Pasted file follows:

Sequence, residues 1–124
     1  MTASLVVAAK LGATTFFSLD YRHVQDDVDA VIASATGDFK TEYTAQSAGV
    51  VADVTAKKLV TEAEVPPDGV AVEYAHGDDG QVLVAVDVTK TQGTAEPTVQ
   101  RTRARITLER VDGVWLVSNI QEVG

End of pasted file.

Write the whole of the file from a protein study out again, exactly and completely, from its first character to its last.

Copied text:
Sequence, residues 1–124
     1  MTASLVVAAK LGATTFFSLD YRHVQDDVDA VIASATGDFK TEYTAQSAGV
    51  VADVTAKKLV TEAEVPPDGV AVEYAHGDDG QVLVAVDVTK TQGTAEPTVQ
   101  RTRARITLER VDGVWLVSNI QEVG